Picking up Nickels

Tuesday, January 12, 2021

January 2021 Financial Asset Roundup

Here are my current financial assets as of the market close on January 11th, 2021:

Asset Dec 2020 Jan 2021 Change




Checking 2,525 2,810 285
Money Market 69,578 84,054 14,476
Savings Bonds 174,358 174,552 194
Treasury Bills 0 0 0
CDs 66,546 66,745 199
Brokerage 200,843 210,563 9,720
401k 318,490 337,566 19,076
Roth IRA 211,625 220,206 8,581
SEP IRA 1,021,649 1,058,036 36,387
529 Savings 186,000 186,824 824
Total Assets $2,251,614 $2,341,356 $89,742
      3.99%

Despite insurrection at the US Capitol and record Covid-19 deaths, the S&P 500 has continued to rise, up 3.59% since the last update:

(chart courtesy of nasdaq.com)

On the jobs front, the unemployment rate for December remained flat at 6.9%, with a troubling 140,000 jobs lost last month. Oil prices continued rising to the $53 level, which translates to a local regular unleaded gasoline price of $2.13 at my last fill-up.

On the financial front, my assets have once again hit an all-time high, surpassing the previous high from December 2020. My Penfed 5% APY 10 year CD will be maturing shortly, and sadly it may take ten more years to find a such a high yield fixed income investment again. I'll also need to start thinking about making the final 2020 contributions to my Roth IRA and solo 401k retirement plans.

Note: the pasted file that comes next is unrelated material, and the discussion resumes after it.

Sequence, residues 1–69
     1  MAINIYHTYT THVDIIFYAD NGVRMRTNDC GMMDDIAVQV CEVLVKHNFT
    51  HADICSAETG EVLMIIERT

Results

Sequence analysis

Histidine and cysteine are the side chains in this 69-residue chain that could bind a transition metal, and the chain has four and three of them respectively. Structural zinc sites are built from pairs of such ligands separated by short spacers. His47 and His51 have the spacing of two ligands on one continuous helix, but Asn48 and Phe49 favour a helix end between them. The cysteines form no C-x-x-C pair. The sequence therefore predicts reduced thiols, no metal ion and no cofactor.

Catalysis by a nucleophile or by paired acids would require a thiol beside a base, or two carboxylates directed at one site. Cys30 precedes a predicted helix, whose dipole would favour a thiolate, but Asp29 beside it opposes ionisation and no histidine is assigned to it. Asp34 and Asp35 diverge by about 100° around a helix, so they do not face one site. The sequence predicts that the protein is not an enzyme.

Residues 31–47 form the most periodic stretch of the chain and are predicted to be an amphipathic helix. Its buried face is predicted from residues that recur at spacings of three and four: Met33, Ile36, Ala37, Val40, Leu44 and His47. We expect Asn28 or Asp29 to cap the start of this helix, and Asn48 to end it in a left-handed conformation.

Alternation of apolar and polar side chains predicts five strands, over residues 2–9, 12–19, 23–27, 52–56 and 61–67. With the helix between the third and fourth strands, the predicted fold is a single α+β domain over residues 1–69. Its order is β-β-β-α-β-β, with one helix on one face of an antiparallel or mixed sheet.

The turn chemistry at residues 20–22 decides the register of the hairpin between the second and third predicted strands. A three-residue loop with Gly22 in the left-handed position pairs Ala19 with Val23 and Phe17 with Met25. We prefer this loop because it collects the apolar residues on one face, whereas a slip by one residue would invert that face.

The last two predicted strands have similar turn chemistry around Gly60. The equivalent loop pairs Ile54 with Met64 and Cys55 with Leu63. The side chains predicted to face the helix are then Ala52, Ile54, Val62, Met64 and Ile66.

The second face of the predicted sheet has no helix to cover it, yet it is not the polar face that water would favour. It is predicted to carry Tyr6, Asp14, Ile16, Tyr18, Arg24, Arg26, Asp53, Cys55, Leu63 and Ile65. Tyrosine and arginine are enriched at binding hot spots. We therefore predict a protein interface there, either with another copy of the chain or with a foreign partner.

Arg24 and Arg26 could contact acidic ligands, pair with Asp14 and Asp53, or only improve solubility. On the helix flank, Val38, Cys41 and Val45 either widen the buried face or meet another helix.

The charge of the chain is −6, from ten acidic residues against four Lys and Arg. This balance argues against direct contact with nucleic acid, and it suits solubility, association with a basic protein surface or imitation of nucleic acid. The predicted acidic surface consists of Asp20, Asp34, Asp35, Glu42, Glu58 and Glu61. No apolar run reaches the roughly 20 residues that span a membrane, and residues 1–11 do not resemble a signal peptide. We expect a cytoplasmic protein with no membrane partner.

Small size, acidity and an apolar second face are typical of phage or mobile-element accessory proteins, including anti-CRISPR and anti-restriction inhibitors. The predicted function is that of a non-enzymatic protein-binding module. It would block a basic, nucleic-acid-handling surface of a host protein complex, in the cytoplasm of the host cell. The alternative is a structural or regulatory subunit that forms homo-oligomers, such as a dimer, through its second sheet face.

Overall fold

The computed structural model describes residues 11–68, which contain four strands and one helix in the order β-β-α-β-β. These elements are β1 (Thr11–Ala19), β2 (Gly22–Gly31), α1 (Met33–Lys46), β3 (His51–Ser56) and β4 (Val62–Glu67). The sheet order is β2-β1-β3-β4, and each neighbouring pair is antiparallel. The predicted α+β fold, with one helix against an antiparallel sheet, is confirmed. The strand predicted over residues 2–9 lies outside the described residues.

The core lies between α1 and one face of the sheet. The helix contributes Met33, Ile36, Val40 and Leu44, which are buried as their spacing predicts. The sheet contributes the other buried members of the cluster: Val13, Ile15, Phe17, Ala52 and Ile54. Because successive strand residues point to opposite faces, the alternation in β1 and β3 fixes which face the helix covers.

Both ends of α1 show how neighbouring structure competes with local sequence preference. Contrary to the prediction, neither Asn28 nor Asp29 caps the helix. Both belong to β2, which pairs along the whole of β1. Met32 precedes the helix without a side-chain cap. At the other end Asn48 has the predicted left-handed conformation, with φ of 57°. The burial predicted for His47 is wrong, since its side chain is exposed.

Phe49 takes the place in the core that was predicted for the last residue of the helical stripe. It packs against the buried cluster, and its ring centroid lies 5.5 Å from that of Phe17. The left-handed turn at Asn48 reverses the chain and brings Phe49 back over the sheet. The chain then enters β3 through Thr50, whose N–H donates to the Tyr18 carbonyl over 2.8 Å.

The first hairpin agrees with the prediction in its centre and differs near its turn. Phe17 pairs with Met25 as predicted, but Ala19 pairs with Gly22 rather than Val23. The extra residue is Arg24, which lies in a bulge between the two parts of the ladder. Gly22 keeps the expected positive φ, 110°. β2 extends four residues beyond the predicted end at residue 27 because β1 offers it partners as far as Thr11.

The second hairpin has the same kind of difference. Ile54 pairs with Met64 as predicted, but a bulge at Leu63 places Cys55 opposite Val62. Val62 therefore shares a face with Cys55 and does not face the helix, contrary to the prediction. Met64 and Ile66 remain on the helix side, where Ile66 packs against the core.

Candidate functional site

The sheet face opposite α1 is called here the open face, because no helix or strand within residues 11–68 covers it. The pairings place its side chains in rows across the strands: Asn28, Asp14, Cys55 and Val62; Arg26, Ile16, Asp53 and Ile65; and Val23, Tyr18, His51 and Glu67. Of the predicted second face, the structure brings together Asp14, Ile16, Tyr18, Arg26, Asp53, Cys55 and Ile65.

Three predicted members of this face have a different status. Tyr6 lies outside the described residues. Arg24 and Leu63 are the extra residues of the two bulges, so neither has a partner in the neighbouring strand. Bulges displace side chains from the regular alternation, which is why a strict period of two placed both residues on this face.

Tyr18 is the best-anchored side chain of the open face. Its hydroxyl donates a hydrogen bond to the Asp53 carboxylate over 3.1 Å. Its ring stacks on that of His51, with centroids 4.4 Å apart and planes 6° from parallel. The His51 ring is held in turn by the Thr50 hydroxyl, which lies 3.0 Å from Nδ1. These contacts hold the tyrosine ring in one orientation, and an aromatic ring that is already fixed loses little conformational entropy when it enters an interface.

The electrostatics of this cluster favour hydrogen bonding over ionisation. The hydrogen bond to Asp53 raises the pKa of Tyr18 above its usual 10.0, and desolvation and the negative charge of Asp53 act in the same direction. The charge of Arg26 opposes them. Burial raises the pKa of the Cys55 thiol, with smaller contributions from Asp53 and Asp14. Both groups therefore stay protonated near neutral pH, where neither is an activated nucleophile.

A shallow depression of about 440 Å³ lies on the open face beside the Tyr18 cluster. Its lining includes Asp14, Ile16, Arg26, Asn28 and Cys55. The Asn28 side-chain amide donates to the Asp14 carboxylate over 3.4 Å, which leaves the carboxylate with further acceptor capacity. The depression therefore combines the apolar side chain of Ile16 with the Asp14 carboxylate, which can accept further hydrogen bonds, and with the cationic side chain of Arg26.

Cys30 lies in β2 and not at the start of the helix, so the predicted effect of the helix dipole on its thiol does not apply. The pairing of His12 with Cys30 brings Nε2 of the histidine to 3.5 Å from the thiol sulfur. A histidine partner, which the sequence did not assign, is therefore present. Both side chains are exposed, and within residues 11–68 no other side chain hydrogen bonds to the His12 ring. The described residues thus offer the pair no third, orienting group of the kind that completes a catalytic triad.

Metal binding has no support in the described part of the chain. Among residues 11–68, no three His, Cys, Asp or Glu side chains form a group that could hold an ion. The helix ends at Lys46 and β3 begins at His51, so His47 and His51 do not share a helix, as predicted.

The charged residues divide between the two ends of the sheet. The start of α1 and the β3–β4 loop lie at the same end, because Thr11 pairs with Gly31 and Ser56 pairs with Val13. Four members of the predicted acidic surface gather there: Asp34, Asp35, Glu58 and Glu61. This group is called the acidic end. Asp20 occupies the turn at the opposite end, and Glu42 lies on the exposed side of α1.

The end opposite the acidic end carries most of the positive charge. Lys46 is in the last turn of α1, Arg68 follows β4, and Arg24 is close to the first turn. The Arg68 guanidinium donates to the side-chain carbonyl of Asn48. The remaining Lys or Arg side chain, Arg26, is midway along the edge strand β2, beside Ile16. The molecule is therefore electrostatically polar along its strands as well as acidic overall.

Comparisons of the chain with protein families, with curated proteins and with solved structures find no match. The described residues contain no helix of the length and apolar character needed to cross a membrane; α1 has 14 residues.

As for the non-financial, we should be focusing on the frightening COVID-19 death rates we're seeing in our country, but we also have to worry about violent assaults on US democracy. These are incredibly sad times for the freedoms we enjoy in the USA.

Friday, December 11, 2020

December 2020 Financial Asset Roundup

Here are my current financial assets as of the market close on December 10th, 2020:

Asset Nov 2020 Dec 2020 Change




Checking 2,880 2,525 -355
Money Market 71,375 69,578 -1,797
Savings Bonds 174,153 174,358 205
Treasury Bills 0 0 0
CDs 66,355 66,546 191
Brokerage 193,465 200,843 7,378
401k 297,298 318,490 21,192
Roth IRA 201,311 211,625 10,314
SEP IRA 977,149 1,021,649 44,500
529 Savings 183,454 186,000 2,546
Total Assets $2,167,440 $2,251,614 $84,174
      3.88%

Despite continuing Presidential election shenanigans and boosted by the pending authorization of a Covid-19 vaccine, the S&P 500 has done well of late, up 3.46% since the last update:

(chart courtesy of nasdaq.com)